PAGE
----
• Billy

Incoming Freshman: How to attack that first fall

There is nothing more exciting than heading into your first year of college baseball. It will be unlike anything that you've ever experienced, and it's an absolute blast. The anticipation builds and builds that summer after you graduate high-school, and you start visualizing how you're going to mash against top arms on a Friday night.

Then you show up to campus, and you're surrounded by grown men with beards.

You're thrown into a crazy schedule of classes, morning lifts, team meetings, and long practices. It can be a lot to take in.

Freshman year can become overwhelming for a lot of guys, and I've had multiple teammates end their careers because they just couldn't handle it, and I've also seen guys get cut at the break because they just weren't performing at a high level. Especially now with the covid deal, rosters are absolutely swamped with old guys that should've graduated who are getting another shot, which makes it harder for freshman to get on the field. With all of that being said, here is what I would say to those young guys heading into campus:

If you want to stand out, you're gonna have to be bold.

You can't just hide in the back and go through the motions, especially when it comes to practice and morning weights. You're going to get called out, regardless of how well you do. You're a freshman. And in my experience, it wasn't because I wasn't performing well enough.

It was because they were seeing how I react to pressure.

99% of freshman stand in the back of the lines out of sight during team activities thinking things like:

"Oh well I'm just a freshman so I haven't earned the right to be up there."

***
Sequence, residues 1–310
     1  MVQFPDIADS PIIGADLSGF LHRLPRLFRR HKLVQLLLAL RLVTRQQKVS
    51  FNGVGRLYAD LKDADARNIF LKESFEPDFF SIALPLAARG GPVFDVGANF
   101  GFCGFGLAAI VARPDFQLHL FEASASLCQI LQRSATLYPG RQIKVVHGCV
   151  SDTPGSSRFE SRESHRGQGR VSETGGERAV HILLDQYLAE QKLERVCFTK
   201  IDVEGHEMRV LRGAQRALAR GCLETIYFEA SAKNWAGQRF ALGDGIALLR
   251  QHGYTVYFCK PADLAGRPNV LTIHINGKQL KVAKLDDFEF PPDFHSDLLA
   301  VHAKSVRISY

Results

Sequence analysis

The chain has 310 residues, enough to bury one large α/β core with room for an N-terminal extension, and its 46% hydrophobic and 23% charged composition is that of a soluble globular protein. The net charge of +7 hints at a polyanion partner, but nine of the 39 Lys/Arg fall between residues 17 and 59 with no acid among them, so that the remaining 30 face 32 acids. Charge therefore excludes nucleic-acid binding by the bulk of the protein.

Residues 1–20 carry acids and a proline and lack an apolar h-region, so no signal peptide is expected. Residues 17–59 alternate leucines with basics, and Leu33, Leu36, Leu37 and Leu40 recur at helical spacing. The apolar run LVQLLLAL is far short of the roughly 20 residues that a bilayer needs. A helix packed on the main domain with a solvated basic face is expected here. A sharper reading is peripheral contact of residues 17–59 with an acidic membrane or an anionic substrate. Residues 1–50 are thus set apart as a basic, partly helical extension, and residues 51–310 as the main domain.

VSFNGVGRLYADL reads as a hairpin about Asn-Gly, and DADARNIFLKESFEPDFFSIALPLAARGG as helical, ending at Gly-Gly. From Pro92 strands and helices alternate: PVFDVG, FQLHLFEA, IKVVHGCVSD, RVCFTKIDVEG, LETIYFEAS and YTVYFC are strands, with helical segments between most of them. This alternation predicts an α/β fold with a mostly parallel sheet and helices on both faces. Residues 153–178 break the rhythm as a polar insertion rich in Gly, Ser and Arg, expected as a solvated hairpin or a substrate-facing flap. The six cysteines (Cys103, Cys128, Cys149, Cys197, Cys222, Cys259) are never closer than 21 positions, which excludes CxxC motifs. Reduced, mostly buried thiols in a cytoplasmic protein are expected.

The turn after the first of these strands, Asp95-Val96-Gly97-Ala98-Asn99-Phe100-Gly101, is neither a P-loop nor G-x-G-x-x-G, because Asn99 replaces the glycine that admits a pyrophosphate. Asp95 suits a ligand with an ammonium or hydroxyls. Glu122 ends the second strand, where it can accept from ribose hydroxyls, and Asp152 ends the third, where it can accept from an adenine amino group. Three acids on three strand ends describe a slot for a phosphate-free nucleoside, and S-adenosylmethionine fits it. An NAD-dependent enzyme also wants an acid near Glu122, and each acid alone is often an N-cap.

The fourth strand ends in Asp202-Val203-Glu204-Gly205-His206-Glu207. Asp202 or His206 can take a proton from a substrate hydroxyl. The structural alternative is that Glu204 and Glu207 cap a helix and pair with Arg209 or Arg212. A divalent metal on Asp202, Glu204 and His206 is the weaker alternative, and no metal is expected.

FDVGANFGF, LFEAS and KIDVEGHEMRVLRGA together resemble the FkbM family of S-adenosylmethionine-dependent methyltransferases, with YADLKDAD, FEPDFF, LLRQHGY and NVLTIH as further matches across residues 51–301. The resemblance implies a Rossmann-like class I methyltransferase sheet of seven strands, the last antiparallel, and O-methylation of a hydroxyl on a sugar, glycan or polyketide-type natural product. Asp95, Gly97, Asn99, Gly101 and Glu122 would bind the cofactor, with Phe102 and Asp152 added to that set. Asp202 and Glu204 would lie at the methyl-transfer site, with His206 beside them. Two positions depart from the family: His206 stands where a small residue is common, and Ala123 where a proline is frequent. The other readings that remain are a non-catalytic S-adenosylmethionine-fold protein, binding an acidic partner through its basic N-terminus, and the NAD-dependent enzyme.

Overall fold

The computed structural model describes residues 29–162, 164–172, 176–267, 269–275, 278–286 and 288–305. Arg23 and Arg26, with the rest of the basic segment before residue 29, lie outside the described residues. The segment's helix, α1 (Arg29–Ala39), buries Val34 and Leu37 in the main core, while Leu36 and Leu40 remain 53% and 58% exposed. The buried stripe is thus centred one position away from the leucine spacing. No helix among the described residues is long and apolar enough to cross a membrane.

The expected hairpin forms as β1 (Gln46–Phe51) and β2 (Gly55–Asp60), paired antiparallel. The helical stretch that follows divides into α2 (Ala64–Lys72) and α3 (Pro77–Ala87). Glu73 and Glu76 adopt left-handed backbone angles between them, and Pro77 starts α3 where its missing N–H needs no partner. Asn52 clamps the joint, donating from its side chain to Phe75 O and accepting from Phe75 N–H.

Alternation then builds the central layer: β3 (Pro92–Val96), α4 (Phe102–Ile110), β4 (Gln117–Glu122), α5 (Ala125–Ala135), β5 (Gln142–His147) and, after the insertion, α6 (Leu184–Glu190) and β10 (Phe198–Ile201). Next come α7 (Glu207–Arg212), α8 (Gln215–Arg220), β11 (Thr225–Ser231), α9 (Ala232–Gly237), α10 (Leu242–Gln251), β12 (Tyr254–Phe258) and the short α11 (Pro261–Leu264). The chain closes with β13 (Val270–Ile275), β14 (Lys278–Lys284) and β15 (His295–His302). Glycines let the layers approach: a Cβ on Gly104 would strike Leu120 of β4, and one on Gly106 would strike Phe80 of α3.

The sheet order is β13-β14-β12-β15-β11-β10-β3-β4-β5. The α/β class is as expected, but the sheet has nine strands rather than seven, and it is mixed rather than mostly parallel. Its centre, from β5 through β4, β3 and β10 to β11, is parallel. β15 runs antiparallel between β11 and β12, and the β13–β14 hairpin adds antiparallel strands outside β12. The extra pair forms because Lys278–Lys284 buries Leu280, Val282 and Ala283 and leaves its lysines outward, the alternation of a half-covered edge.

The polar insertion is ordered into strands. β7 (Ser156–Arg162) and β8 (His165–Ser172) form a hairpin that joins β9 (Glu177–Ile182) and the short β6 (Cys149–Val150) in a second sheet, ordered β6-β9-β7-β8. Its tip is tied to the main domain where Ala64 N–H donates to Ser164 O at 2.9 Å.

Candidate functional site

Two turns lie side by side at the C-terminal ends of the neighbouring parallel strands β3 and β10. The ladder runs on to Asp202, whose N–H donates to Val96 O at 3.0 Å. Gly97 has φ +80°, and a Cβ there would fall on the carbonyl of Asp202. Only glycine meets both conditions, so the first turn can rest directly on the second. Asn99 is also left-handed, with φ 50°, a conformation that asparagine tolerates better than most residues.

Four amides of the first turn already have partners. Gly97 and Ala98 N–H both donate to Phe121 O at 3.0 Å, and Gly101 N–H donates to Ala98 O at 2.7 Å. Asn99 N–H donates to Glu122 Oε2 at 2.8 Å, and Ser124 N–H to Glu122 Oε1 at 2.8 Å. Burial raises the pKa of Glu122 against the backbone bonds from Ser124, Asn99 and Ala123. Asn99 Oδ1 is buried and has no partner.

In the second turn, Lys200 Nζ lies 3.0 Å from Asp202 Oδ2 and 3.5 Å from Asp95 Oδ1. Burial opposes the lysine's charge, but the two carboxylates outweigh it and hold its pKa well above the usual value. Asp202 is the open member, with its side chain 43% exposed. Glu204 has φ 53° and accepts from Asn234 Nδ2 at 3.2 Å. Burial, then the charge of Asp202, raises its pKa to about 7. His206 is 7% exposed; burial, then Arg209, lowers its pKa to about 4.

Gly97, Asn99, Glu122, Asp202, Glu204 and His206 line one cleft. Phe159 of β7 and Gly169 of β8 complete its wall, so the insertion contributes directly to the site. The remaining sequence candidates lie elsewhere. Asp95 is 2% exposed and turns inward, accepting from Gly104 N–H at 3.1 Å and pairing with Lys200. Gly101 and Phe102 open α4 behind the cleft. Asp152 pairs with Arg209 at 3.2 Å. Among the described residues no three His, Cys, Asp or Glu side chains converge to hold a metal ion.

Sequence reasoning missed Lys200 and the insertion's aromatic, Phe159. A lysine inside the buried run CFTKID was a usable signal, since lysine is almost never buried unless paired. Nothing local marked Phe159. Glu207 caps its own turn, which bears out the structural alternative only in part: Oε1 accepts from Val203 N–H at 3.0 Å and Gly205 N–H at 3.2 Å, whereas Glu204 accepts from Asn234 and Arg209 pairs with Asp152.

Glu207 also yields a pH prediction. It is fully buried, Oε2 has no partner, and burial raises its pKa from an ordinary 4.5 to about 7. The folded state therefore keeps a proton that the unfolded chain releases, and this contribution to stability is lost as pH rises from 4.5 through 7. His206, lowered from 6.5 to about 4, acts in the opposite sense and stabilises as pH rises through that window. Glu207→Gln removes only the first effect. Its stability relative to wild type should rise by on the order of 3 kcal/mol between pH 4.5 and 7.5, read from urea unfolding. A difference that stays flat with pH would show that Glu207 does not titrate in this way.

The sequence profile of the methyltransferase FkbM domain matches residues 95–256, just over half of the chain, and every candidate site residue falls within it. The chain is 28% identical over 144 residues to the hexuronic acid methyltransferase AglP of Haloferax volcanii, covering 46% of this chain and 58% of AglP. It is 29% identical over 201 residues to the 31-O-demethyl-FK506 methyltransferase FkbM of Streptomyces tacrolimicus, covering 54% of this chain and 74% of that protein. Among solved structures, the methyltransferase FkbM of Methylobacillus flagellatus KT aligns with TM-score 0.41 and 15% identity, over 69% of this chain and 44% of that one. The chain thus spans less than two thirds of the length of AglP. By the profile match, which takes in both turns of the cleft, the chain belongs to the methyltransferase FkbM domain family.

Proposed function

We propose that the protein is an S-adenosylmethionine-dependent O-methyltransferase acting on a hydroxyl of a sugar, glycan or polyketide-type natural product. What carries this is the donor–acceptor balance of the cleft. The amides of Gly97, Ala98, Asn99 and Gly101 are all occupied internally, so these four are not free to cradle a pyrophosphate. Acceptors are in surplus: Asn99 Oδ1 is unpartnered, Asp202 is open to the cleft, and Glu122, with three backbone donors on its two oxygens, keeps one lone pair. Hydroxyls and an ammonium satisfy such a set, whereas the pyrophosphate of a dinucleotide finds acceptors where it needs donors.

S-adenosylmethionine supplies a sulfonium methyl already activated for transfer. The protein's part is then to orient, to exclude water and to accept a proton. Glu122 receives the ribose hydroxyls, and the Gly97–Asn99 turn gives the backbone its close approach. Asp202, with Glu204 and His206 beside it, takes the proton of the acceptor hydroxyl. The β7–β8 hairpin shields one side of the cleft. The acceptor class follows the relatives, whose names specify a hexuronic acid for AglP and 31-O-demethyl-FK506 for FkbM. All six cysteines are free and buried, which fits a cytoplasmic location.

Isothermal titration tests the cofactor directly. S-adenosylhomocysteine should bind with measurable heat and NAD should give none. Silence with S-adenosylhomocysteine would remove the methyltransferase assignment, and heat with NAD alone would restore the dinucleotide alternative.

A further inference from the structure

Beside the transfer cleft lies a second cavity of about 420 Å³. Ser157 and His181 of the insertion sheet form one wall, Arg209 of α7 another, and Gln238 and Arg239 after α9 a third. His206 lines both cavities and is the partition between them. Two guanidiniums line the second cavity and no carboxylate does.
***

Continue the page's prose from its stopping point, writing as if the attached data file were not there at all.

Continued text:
"I don't want to make a mistake so I'm just going to stand back here and hope they don't look at me."

Doing all that is all well and good... if you want to be average.

If you're ok with being on chart duty on a Friday night vs. Texas Tech.

If you're ok with being a follower.

I am saying all of this because I've been there. I caved to that pressure when I first started by freshman year, and it wasn't a good feeling knowing that I could've been bold, and pushed the fear of failure aside during things as small as leading stretches and taking the first rep of live defense.

Trust me, you don't want that feeling. It absolutely blows.

So when you step on campus, take the first week or so to truly study how stretches are run, and go up there and lead it. Figure out how every drill is operated, then throw yourself in there for that first rep. Take the risks, even if that means that you might fail.

Coaches and players have a lot more respect for the freshman that fail when being bold than for the guys who stand in the back in hopes of just getting by.

If you want your shot in the spring of your freshman year, regardless of what level program, be bold from the start. Take the safety off and throw yourself into situations that make you uncomfortable. Trust me when I say it will pay off in the long run.

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